The relationship between the resistance of the sensor and the concentration of the deoxidizing gas can be expressed by the following equation over a certain range of gas concentration: [3]
Rs=A[C](−x)  (1)
Where Rs=electrical resistance of the sensor
A=constant
[C]=gas concentration
(−x)=slope of the Rs curve.

According to the formula (1), the relationship of the sensor's resistance to gas concentration is linear on a logarithmic scale within a practical range, determined by current market data and depending from the particular gas, to be from approximately a hundred ppm (parts per million) to several thousand ppm of gas concentration. [1]

Modern metal-oxide methods [1], [4], [9], [14] and the method of preparing a sensitive surface with a laser [8] are new, improved, and most closely resembles the method introduced in our invention.

Novel Semiconductor Oxide Gas Sensor was introduced through a research team led by Dr. S. Kawi from the Department of Chemical Engineering NUS. [4] [7] By using new methodology, it is possible to detect relatively lower concentrations (tens ppm) of reducing gases and, with some applied limitations, selectively distinguish certain gases from one another.

The research team has successfully synthesized a novel, high surface area ZnO2 and ZnO2/MCM-41 sensor and developed sensing methods for measuring sensing properties of this material.

The major differences of this method are:

    • 1. A very high surface area of ZnO2 was synthesized using the surfactant synthesis strategy. [7]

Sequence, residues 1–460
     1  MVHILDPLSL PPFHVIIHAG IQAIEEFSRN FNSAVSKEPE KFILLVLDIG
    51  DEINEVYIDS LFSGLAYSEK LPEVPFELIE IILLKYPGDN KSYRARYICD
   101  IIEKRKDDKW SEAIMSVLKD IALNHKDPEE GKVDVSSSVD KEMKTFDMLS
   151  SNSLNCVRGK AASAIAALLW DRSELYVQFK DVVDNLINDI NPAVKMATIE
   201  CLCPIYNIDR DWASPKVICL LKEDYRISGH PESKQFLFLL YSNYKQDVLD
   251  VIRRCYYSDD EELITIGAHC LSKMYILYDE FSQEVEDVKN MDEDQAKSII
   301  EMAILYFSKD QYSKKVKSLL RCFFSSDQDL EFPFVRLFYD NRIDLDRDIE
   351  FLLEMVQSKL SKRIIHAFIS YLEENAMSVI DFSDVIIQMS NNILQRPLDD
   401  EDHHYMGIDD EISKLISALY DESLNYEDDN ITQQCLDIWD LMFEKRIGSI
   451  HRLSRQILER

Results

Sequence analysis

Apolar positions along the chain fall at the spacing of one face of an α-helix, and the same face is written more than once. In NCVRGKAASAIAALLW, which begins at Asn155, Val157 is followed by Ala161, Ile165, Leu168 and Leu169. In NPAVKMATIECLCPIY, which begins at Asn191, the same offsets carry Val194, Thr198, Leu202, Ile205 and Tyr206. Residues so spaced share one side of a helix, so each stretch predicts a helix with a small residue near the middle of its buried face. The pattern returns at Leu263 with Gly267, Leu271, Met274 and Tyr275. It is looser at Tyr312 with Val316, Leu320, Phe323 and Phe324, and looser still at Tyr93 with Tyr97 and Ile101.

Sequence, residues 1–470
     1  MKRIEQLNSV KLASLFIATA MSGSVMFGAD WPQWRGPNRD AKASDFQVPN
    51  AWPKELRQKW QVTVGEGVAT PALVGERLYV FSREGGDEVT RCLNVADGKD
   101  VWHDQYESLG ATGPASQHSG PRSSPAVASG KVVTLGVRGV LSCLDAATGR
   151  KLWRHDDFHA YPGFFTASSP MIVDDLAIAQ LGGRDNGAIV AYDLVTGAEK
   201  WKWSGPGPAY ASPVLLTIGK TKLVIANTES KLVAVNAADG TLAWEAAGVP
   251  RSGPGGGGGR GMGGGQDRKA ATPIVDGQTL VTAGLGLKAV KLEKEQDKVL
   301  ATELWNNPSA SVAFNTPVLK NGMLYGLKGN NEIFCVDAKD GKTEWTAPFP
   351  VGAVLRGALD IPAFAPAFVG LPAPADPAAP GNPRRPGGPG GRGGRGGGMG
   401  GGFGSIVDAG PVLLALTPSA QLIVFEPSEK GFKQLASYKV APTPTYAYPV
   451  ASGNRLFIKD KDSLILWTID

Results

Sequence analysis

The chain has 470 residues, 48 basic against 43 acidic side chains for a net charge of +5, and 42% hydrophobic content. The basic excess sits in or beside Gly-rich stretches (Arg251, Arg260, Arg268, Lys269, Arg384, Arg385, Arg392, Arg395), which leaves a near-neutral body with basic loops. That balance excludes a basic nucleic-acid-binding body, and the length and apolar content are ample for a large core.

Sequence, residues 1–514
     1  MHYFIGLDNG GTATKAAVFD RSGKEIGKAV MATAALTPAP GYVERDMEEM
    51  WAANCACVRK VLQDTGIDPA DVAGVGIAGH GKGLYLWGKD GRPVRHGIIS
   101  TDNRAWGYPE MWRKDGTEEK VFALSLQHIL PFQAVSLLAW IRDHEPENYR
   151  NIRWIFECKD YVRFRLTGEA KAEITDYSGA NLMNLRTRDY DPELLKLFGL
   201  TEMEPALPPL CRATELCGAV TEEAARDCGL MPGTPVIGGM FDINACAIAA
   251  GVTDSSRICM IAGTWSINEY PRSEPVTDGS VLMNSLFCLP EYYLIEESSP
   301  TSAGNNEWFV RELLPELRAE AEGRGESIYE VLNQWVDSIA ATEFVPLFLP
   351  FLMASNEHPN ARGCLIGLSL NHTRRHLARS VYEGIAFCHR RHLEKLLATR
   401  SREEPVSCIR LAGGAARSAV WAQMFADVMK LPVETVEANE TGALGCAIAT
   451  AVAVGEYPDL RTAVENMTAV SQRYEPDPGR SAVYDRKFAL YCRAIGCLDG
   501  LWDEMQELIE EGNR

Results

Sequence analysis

• 2. Higher surface area of ZnO2 translates into the presence of more surface adsorption sites or more surface oxygen anions to be available to react with the reducing gases, producing a larger change in the resistivity of the semiconductor oxide layer.

Another novel method to improve the quality and sensitivity of the ZnO2 layer to tens of ppm is the method of using a laser to scan the sensor's surface. [8] By using a laser, it is possible to change the density of the electrical charge on the sensor's sensitive layer.

For the both described above methods, researchers believe that more extensive experimentation is necessary to understand the nature of the involved processes and create a theory to explain the achieved results.

The described above methods and techniques have several disadvantages in common and cannot be used for investigations of gaseous mixtures with low concentration levels.

The utilization of formula (1) can be limiting and becomes invalid for small concentrations of gas because at low concentration levels, changes in the resistivity also occur under the influence of internal factors, such as diffusion and recombination, which are not taken into account by the formula.

The dependency on a logarithmic relationship derived from the formula (1) does not allow to selectively analyze the affect of similar gaseous components on the semiconductor's sensing layer.

In the presence of destabilizing factors, such as a change in the temperature or a change in the flow of gas, the formula can no longer be applied. Consequently, the destabilizing factors are prevalent at small concentrations.

The advantages and objectives of the proposed invention are as follow:

It is a principal objective and an advantage of the present invention to provide a method to detect, measure and monitor small concentrations of individual gases or gases in a gaseous mixture with high selectivity and high sensitivity.

It is a further objective and an advantage of the present invention to provide an instrument realizing the proposed method to be utilized for various applications, such as the accurate, non-invasive monitoring and diagnostic of pulmonary exclusions.

Other objectives and advantages of the present invention will become obvious in subsequent parts.

BRIEF SUMMARY OF THE INVENTION